Standard processes are the embodiment of best practices that cover the majority of situations that have presented themselves to date. Organizations have also leveraged standard processes for many a merger and acquisition. So why question standard processes?
The problem with standard processes is that they must apply to all process instances or cases, so they do not handle exceptions very well. One must stop and incorporate exceptions. When you have complicated and emergent work, this kind of approach tends to create more problems. Emerging better practices are much more appealing that having a super brain plan all the exceptions that might ever happen over time.
Customers do not want to be treated as a widget; they want to feel special and appreciated, so this runs into the teeth of standard processes. With the kind of customization that clients want, standard processes just do not hack it in today's world where attracting and keeping clients happy is the goal. The key to revenue generation, the big goal for 2014 and beyond, is around customers, so processes will have to change to at least become faster to outcome or change.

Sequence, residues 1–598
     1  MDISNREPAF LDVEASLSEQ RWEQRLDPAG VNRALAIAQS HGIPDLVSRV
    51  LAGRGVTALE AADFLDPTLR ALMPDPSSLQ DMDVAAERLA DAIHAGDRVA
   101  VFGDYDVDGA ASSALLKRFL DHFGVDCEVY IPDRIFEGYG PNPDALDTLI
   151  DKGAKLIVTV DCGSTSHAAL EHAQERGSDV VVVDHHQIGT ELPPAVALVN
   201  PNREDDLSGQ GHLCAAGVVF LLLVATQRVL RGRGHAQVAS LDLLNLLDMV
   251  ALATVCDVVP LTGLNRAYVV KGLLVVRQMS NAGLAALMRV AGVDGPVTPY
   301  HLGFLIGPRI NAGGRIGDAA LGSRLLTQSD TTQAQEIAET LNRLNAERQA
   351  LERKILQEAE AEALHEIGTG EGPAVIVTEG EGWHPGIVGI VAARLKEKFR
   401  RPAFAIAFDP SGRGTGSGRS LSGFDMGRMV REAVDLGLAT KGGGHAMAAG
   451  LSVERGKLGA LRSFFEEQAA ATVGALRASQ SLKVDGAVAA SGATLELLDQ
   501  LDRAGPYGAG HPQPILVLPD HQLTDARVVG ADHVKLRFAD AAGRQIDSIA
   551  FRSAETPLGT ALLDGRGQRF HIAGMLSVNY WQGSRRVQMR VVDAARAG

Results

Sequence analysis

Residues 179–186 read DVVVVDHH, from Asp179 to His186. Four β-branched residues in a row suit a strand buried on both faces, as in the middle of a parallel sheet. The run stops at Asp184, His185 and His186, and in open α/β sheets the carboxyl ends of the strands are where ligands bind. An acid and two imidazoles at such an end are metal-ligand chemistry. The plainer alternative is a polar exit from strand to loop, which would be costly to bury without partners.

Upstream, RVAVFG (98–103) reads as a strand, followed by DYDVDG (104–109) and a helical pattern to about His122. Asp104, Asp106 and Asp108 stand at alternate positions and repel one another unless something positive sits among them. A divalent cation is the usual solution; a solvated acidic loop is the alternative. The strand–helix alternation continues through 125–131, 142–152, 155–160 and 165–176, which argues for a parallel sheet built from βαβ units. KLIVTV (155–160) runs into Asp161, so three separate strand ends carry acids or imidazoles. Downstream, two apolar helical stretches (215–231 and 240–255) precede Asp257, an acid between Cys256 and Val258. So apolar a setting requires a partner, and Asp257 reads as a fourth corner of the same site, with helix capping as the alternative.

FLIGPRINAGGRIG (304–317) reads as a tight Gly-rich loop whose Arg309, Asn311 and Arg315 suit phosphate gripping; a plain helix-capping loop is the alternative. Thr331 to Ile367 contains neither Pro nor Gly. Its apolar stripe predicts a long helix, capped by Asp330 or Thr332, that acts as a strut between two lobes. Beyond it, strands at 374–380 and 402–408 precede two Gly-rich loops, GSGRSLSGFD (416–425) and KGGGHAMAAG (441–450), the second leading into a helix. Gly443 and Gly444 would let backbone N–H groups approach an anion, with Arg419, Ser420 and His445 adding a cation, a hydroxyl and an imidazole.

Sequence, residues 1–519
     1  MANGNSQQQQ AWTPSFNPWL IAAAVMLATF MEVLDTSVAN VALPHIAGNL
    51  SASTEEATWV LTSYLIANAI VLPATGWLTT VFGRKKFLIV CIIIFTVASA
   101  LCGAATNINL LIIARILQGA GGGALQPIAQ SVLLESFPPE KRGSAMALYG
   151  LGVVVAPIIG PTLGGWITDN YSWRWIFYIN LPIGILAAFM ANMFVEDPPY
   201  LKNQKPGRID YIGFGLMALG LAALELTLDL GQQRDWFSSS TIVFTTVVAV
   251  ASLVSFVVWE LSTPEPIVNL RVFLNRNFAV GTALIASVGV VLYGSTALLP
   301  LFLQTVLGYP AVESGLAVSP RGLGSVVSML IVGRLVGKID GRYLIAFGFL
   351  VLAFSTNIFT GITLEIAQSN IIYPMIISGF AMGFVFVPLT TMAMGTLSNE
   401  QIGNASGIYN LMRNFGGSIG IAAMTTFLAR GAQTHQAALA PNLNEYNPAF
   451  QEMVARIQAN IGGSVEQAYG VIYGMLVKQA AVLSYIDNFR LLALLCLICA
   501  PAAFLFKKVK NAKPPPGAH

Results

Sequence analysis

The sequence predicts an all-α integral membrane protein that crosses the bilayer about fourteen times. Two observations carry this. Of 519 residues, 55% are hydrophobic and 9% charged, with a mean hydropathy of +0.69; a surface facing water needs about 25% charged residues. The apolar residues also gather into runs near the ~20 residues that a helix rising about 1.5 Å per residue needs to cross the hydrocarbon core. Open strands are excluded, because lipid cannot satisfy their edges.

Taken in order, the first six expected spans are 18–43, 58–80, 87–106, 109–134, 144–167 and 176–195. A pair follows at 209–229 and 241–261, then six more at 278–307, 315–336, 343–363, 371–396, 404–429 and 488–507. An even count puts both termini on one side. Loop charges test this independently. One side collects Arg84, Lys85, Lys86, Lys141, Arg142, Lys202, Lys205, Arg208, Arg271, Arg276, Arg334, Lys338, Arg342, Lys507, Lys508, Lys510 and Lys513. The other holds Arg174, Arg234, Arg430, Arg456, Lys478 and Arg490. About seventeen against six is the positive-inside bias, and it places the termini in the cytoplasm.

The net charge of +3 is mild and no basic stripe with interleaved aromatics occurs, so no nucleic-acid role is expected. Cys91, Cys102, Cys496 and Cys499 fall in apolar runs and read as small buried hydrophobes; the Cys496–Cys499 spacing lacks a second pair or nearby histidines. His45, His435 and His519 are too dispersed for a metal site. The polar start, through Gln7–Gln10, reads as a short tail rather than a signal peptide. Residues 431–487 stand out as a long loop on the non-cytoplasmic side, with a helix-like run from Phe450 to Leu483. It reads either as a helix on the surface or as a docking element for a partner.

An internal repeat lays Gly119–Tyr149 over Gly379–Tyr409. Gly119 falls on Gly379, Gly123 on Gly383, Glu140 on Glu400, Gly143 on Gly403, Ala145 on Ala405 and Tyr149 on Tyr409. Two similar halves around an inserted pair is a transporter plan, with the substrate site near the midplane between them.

Standard processes give an organization a consistency that reduces costs and errors. Standard processes allows for quicker training of resources supporting the "end to end" process. In addition standard processes give one a way to compare to other processes.
In a world that demands better performance, optimization becomes more important. Standard processes are fairly easy to measure and optimize while staying within governance goals and tolerances.
We should not throw out the standard processes per see, but incorporate them in smaller pieces that can be leveraged and surrounded for optimal outcomes that gain the cost and consistency while bending to changing business conditions and new customer focuses. Like gears and sub-assemblies in transmissions that have learning logic around drivers habits, processes should utilize the best of standard processes while supporting emergent behavior.